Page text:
So, I have my RGB, global illumination, and VRayLighting. Everything being saved in order to compare with the next render pass that I take with all these render elements. Now if I'm going to save this by pressing this button It will only save this RGB color or whichever channel is currently active. I'm going to go back to RGB or any channel and I want to save all of them at once, so all I have to do is left-click, hold my mouse button, and then I can choose this double floppy icon and it's going to save all the channels.
If I give it a name and then I save it out as png or whatever format I want to go with and just by hitting the save button will save all these channels at once. Since I have already saved these out I'm going into jump to Adobe Photoshop now. Inside Photoshop I have brought all of these renders. The first one is the global illumination on top of that I have my VRayLighting and then I have reflections, then I have refraction, and then I have my shadows. For now, I will turn off my shadows.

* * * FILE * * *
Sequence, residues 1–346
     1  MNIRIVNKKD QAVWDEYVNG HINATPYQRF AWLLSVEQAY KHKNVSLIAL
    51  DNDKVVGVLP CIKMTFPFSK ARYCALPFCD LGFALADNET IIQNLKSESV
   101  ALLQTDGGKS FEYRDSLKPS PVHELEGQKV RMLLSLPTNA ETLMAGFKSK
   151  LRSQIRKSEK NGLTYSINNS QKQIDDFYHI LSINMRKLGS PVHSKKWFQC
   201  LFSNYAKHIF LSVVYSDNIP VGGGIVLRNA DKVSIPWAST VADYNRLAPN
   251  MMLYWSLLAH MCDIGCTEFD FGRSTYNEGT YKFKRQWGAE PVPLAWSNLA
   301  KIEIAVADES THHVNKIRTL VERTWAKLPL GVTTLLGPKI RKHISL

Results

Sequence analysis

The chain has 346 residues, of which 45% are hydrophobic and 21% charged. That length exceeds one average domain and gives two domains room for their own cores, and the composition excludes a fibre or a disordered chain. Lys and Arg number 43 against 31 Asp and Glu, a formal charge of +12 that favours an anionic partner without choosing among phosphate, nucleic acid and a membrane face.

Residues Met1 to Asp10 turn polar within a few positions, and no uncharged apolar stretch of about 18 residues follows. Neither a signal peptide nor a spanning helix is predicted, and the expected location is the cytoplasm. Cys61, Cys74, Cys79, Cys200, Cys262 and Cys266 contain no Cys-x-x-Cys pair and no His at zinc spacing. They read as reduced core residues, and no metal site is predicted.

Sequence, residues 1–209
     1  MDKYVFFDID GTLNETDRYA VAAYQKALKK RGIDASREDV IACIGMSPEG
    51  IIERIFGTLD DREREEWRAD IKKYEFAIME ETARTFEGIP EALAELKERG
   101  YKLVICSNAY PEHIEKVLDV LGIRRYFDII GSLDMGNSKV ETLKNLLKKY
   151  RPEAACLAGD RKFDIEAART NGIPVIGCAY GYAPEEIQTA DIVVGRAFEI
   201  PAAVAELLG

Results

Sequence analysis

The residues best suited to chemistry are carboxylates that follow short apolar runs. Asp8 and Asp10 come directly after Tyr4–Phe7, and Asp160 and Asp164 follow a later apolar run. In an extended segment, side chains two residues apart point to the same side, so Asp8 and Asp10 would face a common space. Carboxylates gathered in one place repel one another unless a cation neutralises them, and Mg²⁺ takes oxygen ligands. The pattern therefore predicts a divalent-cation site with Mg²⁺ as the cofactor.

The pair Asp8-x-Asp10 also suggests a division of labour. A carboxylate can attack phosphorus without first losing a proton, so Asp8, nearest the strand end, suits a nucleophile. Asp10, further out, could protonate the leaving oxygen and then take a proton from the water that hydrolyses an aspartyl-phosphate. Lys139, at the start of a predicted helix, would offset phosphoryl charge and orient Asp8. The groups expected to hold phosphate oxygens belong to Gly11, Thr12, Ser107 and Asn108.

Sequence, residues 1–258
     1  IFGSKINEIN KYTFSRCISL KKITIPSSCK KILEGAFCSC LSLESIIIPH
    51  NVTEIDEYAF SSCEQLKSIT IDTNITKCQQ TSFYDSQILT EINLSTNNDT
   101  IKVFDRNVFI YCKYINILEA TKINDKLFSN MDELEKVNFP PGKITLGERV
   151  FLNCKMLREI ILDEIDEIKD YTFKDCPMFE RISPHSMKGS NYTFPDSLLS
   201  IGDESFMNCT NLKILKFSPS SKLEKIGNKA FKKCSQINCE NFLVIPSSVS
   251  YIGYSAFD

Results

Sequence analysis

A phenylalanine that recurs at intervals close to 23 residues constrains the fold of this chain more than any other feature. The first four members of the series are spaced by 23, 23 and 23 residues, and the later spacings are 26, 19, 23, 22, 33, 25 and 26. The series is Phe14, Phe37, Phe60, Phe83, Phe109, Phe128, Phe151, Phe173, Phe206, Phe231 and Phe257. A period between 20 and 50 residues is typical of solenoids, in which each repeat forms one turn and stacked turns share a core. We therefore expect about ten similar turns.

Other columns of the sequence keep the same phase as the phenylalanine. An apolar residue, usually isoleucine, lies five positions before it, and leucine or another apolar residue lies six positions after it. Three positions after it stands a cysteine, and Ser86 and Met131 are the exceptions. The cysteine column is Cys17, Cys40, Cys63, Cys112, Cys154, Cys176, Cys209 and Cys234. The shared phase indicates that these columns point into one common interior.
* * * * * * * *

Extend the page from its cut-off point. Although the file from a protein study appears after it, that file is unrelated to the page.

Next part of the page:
I will select all these passes and then I will change the type to Linear Dodge (Add). Now this is the final render that I got here with the lighting and I have actually combined all those passes to achieve exactly the same result but there is one thing I can do and it's having control on individual elements such as I can adjust the lighting without effecting the reflections or the shadows.
So, I will select the VRayLighting pass and then apply any of these filters such as levels or curves or color balance. So if I go ahead with color balance hold alt and then link it with the VRayLighting because I just want to color balance only the lighting lay not the other layers. Then I can play along with the lighting pass. Now notice it's going to effect only the lighting and the other passes will stay there. The shadows won't be effected.
So for example, if I want to have slightly yellowish render I can just make it yellow and then I can throw the curves adjustment and then play around with the curves and as you can see curve is affecting only the lighting here it's not effecting the reflections at all. Now, I'm going to go with the reflections here which are currently very dark. I'm just going to turn these to off for now and then I will just simply bring down the opacity. Now this is one way to control the reflection.